Last month, the U.S. sizzled with record warmth. It also had drenching rains in the East, with lingering drought conditions in the Southwest and Great Plains.
Let’s see how May 2018 and spring fared in terms of the climate record:
Climate by the numbers
The average May temperature across the contiguous U.S. was 65.4 degrees F, 5.2 degrees above average, making it the warmest May in the 124-year record, according to scientists at NOAA’s National Centers for Environmental Information. This surpassed the previous record of 64.7°F set in 1934, during the dust bowl era. There were more than 8,590 daily warm station records broken, or tied, in May.
The average precipitation for May was 2.97 inches (0.06 inch above average), which ranked near the middle of the record books. Two weather systems, including Subtropical Storm Alberto, helped bring record and near-record rain across the Southeast and Mid-Atlantic. Meanwhile, more than a quarter of the contiguous U.S. remained in drought.
Year to Date I Meteorological Spring (March – May)
The average U.S. temperature for the year to date (January through May) was 45 degrees F, 1.6 degrees above normal and the 21st warmest on record. The average temperature for the contiguous U.S. during Meteorological Spring (March through May) was 52.4 degrees, 1.5 degrees above average and ranked as the 22nd warmest on record.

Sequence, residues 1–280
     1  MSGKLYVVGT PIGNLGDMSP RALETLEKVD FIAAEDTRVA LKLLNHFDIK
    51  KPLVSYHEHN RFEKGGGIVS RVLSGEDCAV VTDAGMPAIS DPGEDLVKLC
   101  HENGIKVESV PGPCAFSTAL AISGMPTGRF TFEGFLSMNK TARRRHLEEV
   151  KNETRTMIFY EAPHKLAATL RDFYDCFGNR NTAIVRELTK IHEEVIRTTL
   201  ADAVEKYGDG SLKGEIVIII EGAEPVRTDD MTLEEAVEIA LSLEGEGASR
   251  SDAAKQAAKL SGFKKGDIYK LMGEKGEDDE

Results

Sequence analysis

The average precipitation for the year to date was 12.66 inches, 0.27 inch above average. For the Meteorological Spring, the average precipitation was 7.91 inches, which ranked near average.
Other notable climate events
Subtropical Storm Alberto: Three days before the official start of hurricane season, Alberto made landfall along the panhandle of Florida, packing 65 mph winds and bringing torrential rain to parts of the South. Soggy Conditions: Record rainfall triggered floods and mudslides in the Mid-Atlantic and Southeast regions. Florida and Maryland saw record-wet conditions. Temperature spike: Record warmth was observed in parts of the Northwest and stretching from the Southern Plains through the Midwest and into the Mid-Atlantic. On May 28, Minneapolis, Minn., hit 100 degrees F – the earliest on record it got that hot. Cool, dry Puerto Rico: San Juan was cooler and drier than normal. It was the coolest May since 2011 and precipitation was 85 percent of normal. Coastal high tide flooding increased last year: An update to NOAA’s annual State of high tide flooding and outlook found that the Southeastern U.S. is currently experiencing the fastest rate of increase in annual high tide flood days, with more than a 150 percent increase since 2000 predicted for the coming year (May 2018 – April 2019) at most locations.
More: Find NOAA’s report and download images on the NCEI climate monitoring report.